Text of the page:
Google Inc. is rebuffing the Bush administration’s demand for a peek at what millions of people have been looking up on the Internet’s leading search engine – a request that underscores the potential for online databases to become tools of the government.
Mountain View-based Google has refused to comply with a White House subpoena first issued last summer, prompting U.S. Attorney General Alberto Gonzales this week to ask a federal judge in San Jose for an order to force a handover of the requested records.
The government wants a list all requests entered into Google’s search engine during an unspecified single week – a breakdown that could conceivably span tens of millions of queries. In addition, it seeks 1 million randomly selected Web addresses from various Google databases.
In court papers that the San Jose Mercury News reported on after seeing them Wednesday, the Bush administration depicts the information as vital in its effort to restore online child protection laws that have been struck down by the U.S. Supreme Court.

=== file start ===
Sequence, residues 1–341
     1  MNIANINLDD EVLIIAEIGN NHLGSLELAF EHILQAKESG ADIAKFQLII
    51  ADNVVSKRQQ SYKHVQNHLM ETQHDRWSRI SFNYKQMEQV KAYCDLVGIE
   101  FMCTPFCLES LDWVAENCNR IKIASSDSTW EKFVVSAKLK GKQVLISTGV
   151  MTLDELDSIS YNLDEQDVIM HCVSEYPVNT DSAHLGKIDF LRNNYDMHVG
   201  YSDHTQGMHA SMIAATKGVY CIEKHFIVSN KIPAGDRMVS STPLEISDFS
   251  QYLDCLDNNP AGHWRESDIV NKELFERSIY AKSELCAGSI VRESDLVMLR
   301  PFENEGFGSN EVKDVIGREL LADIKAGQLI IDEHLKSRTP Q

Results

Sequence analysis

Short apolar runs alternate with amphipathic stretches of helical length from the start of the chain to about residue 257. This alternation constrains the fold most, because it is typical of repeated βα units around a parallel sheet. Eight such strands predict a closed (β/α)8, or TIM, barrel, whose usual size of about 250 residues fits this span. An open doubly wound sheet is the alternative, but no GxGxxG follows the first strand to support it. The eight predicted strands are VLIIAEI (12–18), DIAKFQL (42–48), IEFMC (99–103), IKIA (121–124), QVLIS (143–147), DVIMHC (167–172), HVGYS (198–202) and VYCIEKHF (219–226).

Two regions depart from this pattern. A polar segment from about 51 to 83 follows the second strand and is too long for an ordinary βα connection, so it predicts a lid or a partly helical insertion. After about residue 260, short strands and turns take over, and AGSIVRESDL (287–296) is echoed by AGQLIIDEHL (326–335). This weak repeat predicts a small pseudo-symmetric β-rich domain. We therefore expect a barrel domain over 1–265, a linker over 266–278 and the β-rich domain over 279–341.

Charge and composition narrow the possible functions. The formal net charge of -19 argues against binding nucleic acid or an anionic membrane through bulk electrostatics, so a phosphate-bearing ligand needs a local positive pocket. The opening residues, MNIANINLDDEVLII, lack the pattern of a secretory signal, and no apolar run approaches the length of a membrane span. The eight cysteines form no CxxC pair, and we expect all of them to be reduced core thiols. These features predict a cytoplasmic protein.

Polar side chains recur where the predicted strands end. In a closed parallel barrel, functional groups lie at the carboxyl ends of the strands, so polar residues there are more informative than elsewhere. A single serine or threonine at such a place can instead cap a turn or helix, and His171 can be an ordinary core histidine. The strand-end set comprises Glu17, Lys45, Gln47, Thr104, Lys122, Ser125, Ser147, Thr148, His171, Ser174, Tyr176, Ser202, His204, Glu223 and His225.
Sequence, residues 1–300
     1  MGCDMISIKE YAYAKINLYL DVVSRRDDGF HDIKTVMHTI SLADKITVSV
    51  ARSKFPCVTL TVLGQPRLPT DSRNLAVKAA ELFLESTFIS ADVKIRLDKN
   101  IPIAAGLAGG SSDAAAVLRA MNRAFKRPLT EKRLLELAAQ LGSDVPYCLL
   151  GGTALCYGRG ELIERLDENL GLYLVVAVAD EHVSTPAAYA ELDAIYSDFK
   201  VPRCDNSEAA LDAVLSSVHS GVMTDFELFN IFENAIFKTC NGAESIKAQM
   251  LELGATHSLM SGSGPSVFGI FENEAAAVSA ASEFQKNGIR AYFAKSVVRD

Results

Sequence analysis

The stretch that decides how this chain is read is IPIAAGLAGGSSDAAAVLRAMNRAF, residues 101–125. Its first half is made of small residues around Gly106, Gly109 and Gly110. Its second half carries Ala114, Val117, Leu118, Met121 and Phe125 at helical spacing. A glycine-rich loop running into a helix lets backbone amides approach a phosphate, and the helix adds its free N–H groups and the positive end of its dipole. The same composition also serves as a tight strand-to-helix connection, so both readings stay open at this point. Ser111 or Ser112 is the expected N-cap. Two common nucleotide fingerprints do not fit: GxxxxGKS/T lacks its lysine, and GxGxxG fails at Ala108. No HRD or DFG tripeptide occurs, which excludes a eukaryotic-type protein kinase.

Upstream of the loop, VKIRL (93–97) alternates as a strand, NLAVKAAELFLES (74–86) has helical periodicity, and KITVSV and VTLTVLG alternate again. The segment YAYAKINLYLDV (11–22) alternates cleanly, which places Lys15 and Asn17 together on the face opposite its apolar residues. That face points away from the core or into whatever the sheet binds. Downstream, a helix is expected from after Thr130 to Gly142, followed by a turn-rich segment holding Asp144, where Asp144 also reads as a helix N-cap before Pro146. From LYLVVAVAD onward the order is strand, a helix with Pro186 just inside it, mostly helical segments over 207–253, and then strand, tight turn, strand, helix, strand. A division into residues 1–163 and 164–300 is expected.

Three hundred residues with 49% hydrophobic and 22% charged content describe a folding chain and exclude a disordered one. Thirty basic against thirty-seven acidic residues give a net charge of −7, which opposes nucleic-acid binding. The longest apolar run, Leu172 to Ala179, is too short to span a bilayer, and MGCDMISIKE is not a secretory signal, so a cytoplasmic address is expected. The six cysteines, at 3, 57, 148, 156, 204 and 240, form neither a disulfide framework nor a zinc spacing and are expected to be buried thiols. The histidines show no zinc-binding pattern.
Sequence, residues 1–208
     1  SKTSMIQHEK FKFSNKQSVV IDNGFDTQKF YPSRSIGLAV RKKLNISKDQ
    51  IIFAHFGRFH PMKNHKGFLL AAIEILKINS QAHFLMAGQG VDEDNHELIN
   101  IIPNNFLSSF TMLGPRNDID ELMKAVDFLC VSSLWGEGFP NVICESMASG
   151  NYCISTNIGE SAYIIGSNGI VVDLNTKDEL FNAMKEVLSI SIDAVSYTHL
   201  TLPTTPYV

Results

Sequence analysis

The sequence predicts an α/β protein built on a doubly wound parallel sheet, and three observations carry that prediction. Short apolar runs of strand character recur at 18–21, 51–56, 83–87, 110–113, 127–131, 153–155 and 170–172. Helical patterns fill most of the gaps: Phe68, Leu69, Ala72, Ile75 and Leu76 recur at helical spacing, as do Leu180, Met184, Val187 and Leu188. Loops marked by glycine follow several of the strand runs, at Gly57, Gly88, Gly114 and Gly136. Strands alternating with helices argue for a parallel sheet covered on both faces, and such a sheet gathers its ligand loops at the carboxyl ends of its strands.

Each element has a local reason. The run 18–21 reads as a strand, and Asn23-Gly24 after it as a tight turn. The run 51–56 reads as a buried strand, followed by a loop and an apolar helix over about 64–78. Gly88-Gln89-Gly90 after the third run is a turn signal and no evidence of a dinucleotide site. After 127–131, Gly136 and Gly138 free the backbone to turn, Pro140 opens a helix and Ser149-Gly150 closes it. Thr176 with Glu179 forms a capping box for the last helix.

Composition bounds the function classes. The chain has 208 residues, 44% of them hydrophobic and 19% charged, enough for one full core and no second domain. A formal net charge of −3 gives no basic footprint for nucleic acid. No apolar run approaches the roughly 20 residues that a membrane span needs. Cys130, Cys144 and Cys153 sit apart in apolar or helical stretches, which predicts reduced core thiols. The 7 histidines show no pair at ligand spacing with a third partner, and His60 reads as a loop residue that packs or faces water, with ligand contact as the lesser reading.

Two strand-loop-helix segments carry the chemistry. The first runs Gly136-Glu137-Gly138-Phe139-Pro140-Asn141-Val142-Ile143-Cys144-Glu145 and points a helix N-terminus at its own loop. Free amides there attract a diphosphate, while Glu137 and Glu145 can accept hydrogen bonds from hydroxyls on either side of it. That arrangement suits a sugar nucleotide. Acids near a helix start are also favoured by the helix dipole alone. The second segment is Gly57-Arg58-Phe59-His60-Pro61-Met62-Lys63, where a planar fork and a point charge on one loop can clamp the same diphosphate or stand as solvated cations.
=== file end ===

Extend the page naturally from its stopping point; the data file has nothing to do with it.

Google competitor Yahoo Inc., which runs the Internet’s second-most used search engine, confirmed Thursday that it had complied with a similar government subpoena.
This request by DOJ is a stunning attack on personal and societal privacy. Props to Google for fighting it, and shame on Yahoo for complying.
There are an endless number of reasons, cited in the story and around the blogosphere today, about why this is a bad idea. Let me add another. The field where I (and many of you) work is homeland security and counterterrorism. I run Google searches every day – researching various terrorist tactics, infrastructure vulnerabilities, and potential countermeasures – that could be interpreted incorrectly in the wrong hands. I’ve joked with colleagues for several years now along the lines of “the FBI would sure freak out if it saw what I’m searching for on Google.” But I’ve felt reasonably certain that my search history was protected, on account of a personal trust of Google due to their corporate ethos. If DOJ is able to subpoena search records, it could put a chill on the “freedom to search” on these subject areas – and in a non-trivial way, diminish our collective ability to understand the terrorist enemy that we face today.